Jan 5, 2016 at 8:16 PM | Unregistered CommenterCurious George

This thread recalled the themes so lucidly examined in that series of superb essays by John Brignell on the Numberwatch site (see this blog sidebar - click 'index' at the top left corner of his highly minimalistic homepage!), that I went back to re-read some of them.

I was pleasantly surprised to see that the blog has new commentary so fresh as to even carry todays date, in a section called January 2016 - worth a viewing.

Jan 5, 2016 at 9:21 PM | Registered CommenterPharos

@ Geoff -

Advocating noisily for radical climate mitigation policies seems to me to be now to be an obsession of the fringe, like veganism. It will never go away, but it never had a great deal of popular support anyway, and now it has even less. In any case, wasn't an issue largely confined to Anglophone countries?

I don’t think Bob Ward or Roger Harrabin need to disappear for climate moderates to “win”, they already have. People with no axe to grind already twigged that "climate change" had the look n’feel of an apocalyptic cult. Roger acknowledges as much in his Facebook post. Which, like all of Roger’s agonising about communicating climate issues, is narrowcasting to a tiny elite, the very opposite of broadcasting.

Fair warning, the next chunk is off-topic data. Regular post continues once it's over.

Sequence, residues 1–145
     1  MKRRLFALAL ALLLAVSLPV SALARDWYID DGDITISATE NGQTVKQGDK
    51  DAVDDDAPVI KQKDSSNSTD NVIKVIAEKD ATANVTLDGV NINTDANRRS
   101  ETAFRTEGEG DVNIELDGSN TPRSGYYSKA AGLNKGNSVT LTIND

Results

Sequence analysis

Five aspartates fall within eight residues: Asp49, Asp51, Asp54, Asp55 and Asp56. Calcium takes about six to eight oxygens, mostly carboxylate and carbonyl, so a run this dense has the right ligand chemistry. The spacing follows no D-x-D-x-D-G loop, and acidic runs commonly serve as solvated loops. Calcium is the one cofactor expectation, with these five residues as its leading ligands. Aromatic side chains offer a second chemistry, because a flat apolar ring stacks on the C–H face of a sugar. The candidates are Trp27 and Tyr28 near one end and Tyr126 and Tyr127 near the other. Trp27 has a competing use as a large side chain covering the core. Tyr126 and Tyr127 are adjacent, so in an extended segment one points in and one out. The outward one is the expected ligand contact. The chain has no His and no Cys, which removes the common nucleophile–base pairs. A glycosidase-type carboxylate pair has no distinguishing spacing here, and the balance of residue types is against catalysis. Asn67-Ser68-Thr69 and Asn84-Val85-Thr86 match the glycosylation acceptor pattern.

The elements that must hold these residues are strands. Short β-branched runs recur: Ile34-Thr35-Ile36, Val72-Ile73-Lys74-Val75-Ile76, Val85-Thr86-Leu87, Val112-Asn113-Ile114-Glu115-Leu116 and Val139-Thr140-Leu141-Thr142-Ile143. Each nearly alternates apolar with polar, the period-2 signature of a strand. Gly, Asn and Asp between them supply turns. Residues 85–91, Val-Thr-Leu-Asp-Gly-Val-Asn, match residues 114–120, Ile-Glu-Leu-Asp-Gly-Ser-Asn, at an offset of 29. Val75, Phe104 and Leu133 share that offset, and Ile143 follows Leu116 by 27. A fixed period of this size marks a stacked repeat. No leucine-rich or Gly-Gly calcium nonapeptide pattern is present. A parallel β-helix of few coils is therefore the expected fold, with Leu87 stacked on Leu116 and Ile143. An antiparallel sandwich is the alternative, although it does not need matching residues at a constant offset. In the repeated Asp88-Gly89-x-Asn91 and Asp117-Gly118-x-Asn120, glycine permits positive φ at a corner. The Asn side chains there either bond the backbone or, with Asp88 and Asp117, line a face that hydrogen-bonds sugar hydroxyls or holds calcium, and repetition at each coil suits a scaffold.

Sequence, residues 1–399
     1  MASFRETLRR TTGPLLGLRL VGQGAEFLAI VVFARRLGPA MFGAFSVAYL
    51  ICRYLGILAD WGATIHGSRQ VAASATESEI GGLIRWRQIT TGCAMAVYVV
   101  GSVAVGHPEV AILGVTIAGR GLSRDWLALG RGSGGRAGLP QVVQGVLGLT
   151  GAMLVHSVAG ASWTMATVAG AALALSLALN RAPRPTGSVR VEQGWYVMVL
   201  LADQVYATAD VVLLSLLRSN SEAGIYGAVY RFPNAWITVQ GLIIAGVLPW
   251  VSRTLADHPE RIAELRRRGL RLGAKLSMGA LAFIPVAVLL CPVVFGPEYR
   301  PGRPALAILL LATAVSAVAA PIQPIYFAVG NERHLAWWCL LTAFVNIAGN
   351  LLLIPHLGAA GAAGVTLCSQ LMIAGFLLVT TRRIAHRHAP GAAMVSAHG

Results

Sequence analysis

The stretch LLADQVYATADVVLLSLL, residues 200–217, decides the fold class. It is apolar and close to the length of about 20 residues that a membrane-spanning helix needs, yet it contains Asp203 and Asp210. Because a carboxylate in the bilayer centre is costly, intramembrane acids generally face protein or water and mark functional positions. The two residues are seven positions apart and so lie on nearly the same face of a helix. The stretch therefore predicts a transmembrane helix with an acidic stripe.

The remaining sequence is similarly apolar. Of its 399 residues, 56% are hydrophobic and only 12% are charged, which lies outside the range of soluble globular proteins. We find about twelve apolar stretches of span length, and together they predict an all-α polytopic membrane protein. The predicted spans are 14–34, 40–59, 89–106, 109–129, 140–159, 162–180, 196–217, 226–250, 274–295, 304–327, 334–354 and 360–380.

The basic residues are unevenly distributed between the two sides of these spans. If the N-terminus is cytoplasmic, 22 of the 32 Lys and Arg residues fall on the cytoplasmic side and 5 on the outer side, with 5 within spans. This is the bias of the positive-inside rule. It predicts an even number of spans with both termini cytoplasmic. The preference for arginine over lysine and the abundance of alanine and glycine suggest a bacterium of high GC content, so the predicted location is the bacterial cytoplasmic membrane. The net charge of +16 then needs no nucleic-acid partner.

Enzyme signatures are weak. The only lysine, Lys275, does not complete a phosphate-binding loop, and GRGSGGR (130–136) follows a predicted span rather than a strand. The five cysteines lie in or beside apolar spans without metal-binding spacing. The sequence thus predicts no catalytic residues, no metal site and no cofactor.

Even the FT has moved on to new pastures, like trying to abolish cash, or tipping waiters in restaurants.

(Seriously. Servants using the front entrance will be next on the list).


Unlike Lewis and Tim, I’m still at The Register full time, so I’m kept well busy. But thanks :)

Jan 5, 2016 at 10:01 PM | Unregistered CommenterAndrew Orlowski

Migrants crisis? Engineered.

Jan 5, 2016 at 10:24 PM | Unregistered CommenterTomRude

The simplicity of Kotkin's expository rant is admirable.

Jan 5, 2016 at 10:56 PM | Unregistered CommenterAila

Aila, yes indeed. His iambic pentameter still requires some improvement, but his juxtaposition of binary colours is panoramic.

Jan 6, 2016 at 12:42 AM | Unregistered Commentergolf charlie